top of page

Jianianduan Hot Spring: A Remote Adventure at the Dead Center of Taiwan! (Danda River Post 2 of 2)

Updated: Apr 27

Gazing at the striped and colorful hot spring formations of Taiwan's Danda River just above Jianianduan Hot Spring
The many bones stacked and arranged near Taiwan's Jianianduan Hot Spring gave it an air of mystery and danger



Sanfensuo and Jianianduan Hot Spring (Danda River) Area Map

"To venture beyond Sanfensuo Hot Spring is to truly challenge the wilderness. That is when you really begin to test yourself against Mother Nature's wild side."

Posts in this series:

  1. Sanfensuo Hot Spring: Gateway to Adventure! (三分所溫泉) - Intermediate - Advanced

  2. Jianianduan Hot Spring: A Remote Adventure at the Dead Center of Taiwan (加年端溫泉) - Intermediate - Advanced

  3. Or, check out The Map Room's growing collection of Hot Springs in Taiwan!

Hot Springs in Taiwan Master Map


There was a typhoon in late 2023. In early 2024, a group went to see if the hot spring had been affected. They were unable to enter because of this massive boulder which as of the time of this update was blocking the way just before the danger zone. Without specialized gear it is impassable.

Introducing this week's adventure:

Taiwan's Jianianduan Hot Spring: A Remote Adventure at the Dead Center of Taiwan!

Jianianduan Hot Spring (加年端野溪溫泉) is an exciting, remote, challenging, and breathtaking river tracing adventure travel destination in the heart of Taiwan. A rewarding culmination of a three-day, advanced river tracing expedition in the Danda River in Xinyi, Nantou, Taiwan (台灣南投縣信義鄉丹大溪), the journey to Jianianduan is a rite of passage and worthy addition to any canyoning bucket list.


*Please note that The Map Room participates in the Amazon Associate Program, and other affiliate programs, and may earn from qualifying purchases at no extra cost to you.


Beyond Sanfensuo

View of the narrowing, rockfall-prone Danda River Canyon (台灣丹大溪峽谷) just upstream from Sanfensuo Hot Spring (台灣三分所野溪溫泉)

In the last post, we journeyed to Sanfensuo Hot Spring. While a worthy destination in its own right, for advanced adventure junkies, Sanfensuo is really only the first stop on the way to the real prize: the remote and elusive Jianianduan Hot Spring (加年端野溪溫泉).

A Formosan sambar deer (rusa unicolor swinhoei) watches warily from a cliffside cave as we pass by

To venture beyond Sanfensuo Hot Spring is to truly challenge the wilderness. That is when you really begin to test yourself against Mother Nature's wild side. Out here, days from help, you are more likely to encounter wild animals than human beings, and your skill, wits, and preparedness are your best and only safeguards.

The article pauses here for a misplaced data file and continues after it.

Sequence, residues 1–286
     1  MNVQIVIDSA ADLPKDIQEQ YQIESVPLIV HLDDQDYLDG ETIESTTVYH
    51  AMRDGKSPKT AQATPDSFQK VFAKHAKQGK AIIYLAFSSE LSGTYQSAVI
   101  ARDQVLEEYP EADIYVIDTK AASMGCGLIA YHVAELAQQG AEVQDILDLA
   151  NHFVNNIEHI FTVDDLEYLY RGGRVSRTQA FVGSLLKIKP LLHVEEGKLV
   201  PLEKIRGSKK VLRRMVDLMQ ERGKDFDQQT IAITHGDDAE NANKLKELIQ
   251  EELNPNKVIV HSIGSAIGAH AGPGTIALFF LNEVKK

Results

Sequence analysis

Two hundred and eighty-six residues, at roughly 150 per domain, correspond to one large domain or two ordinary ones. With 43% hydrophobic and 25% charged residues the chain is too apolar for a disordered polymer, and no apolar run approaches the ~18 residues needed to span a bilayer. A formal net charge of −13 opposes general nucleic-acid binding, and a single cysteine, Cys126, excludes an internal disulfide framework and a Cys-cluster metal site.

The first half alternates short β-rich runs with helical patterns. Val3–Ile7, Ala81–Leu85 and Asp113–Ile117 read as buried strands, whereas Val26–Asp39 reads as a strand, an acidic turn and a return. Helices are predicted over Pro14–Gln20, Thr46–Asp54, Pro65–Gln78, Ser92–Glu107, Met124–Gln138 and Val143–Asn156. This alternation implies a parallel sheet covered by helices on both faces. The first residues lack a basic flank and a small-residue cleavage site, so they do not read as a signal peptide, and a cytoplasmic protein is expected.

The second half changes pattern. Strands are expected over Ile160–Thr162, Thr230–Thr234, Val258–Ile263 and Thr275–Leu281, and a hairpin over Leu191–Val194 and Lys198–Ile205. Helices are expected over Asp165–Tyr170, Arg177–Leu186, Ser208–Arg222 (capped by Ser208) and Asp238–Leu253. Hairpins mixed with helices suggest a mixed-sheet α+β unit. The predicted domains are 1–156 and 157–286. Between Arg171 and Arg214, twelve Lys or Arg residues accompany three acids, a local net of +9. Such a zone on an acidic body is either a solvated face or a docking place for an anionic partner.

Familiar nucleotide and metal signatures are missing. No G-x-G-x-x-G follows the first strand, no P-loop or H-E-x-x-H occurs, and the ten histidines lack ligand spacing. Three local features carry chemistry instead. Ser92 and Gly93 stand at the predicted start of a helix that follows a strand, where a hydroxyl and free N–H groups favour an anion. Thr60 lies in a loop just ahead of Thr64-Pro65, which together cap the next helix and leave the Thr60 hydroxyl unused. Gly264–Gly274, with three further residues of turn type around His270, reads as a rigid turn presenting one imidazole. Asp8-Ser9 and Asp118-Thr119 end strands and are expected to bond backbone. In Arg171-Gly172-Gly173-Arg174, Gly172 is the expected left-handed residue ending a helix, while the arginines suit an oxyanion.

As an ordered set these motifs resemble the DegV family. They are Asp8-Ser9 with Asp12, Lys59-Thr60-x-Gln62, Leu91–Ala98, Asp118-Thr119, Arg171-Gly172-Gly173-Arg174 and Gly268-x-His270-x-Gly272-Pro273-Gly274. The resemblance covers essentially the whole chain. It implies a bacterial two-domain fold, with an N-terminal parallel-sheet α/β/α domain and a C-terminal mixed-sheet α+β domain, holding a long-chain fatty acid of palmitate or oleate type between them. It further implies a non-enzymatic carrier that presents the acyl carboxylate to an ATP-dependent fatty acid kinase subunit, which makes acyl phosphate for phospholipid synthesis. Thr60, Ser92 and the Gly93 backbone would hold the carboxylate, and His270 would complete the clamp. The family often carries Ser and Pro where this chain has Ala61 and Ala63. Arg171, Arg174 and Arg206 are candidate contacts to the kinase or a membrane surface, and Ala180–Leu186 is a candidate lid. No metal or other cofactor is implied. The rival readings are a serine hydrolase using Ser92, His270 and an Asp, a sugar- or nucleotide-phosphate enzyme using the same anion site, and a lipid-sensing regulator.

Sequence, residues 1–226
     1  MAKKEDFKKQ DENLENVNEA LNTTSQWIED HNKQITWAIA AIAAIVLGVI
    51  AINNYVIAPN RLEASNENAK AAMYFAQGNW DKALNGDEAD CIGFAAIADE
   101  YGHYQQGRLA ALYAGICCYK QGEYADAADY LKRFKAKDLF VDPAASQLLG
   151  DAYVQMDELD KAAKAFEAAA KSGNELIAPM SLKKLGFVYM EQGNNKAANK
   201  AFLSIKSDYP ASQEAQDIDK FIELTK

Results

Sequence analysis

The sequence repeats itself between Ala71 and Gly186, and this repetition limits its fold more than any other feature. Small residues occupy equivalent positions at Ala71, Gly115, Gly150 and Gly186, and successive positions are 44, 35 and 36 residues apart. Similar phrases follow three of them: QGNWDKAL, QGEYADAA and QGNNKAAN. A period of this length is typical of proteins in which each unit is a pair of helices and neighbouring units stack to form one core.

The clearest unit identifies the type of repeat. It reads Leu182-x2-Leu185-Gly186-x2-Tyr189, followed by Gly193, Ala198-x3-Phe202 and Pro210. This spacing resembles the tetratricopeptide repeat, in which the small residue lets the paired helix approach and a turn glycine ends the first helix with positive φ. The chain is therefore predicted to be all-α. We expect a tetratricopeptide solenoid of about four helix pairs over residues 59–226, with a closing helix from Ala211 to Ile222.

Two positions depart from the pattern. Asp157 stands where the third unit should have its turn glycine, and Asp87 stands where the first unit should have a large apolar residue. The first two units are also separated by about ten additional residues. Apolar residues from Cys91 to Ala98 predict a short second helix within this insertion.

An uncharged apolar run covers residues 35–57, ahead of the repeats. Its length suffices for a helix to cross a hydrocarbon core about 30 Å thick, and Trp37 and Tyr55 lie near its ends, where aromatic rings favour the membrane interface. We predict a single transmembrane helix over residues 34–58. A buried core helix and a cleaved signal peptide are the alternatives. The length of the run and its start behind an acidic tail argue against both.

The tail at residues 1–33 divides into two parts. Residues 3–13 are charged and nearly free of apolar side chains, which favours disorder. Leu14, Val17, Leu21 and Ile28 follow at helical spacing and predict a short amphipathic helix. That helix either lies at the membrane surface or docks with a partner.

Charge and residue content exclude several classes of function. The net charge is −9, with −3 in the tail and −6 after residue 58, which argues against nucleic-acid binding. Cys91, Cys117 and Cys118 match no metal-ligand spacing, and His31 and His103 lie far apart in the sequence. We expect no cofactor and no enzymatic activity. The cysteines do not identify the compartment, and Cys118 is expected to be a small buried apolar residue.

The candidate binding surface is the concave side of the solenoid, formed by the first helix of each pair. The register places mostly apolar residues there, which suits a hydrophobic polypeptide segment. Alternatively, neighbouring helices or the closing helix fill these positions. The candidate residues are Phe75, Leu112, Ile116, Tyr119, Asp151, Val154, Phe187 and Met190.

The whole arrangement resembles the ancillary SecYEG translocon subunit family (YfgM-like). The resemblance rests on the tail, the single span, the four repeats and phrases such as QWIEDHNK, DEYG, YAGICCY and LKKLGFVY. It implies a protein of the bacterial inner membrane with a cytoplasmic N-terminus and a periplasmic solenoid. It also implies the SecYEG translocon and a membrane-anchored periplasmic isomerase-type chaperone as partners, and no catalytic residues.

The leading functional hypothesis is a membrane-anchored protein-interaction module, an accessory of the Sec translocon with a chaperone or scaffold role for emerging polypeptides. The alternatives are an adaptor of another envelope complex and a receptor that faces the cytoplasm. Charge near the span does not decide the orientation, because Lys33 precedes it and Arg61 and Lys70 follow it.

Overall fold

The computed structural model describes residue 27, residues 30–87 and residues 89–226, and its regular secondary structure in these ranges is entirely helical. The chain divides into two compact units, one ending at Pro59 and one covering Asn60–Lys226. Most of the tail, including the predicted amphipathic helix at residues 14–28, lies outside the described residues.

Yellow hot spring outcrops contrast with the blue-green of the Danda River as it carves its path through the blue-grey stone of the canyon

The narrowing canyon of the Danda River grows much steeper, wilder, and more dangerous further upstream from Sanfensuo - but it also grows immensely more beautiful. Striations, seeping cliffside hot spring outcrops, and color surround and engulf you in colors like a mad artist's most beautiful and surreal dream.

Zebra stripes from geothermal hot spring activity on the cliffsides in the Danda River Canyon

Don't be lulled into complacency, though... the rocks above would also love to engulf and entomb any unprepared or unwary passers-by.

Lamin (above) and Dave (below) pass under the cliffsides. We had to be wary of rockfall at all times!
Dave watches for rockfall as he passes through the treacherous Danda River Valley
River tracing past one of the many obstacles in Taiwan's Danda River. Canyoning in Taiwan is no joke!

While the distance from Sanfensuo to Jianianduan is much shorter than that from the trailhead to Sanfensuo, there are many, and much more difficult, obstacles along the way. Don't be fooled by lines on a map, you will definitely need to leave early and allocate a full day to safely complete the round trip from Sanfensuo (or any lower campsite) to Jianianduan and back. Canyoning in the remote valleys and canyons of Taiwan is not to be taken lightly!

Geothermal stripes on a beautiful Taiwanese waterfall

The scenery just kept getting more and more dramatic. Waterfalls, canyons, deep azure pools, and much more dazzled and challenged us all along the whole way.

Passing through dangerously deep pools and steep canyons on the way to the remote Jianianduan Hot Spring


The Monolith

A natural monolith protrudes from the bed of the Danda River in Xinyi, Nantou, Taiwan

Despite all the colors, one of the most eye-catching and unique features of the journey was this plain grey rock. A mysterious, near-perfect monolith in the middle of the river, it felt almost like a portent, or perhaps a harbinger, of things to come. Little did we know when we first saw it just how serious of a challenge it marked just beyond!

Just past the monolith, a cliffside hot spring sprays a stream of water directly into the river
Lamin passes the monolith just downstream from the most serious obstacle of the entire three day trace

Before and after: Can you spot the difference between the February (left) and April (right) photos above?

The Rapids


It wasn't far beyond the monolith that Lamin and I came to the untimely and unplanned end of our first, unsuccessful attempt to reach Jianianduan Hot Spring. It was February and the two of us had dared to challenge it on an overly ambitious two day weekend approach. By the time we got to this point it was already evening, and with fully kitted out backpacks it proved too dangerous to continue.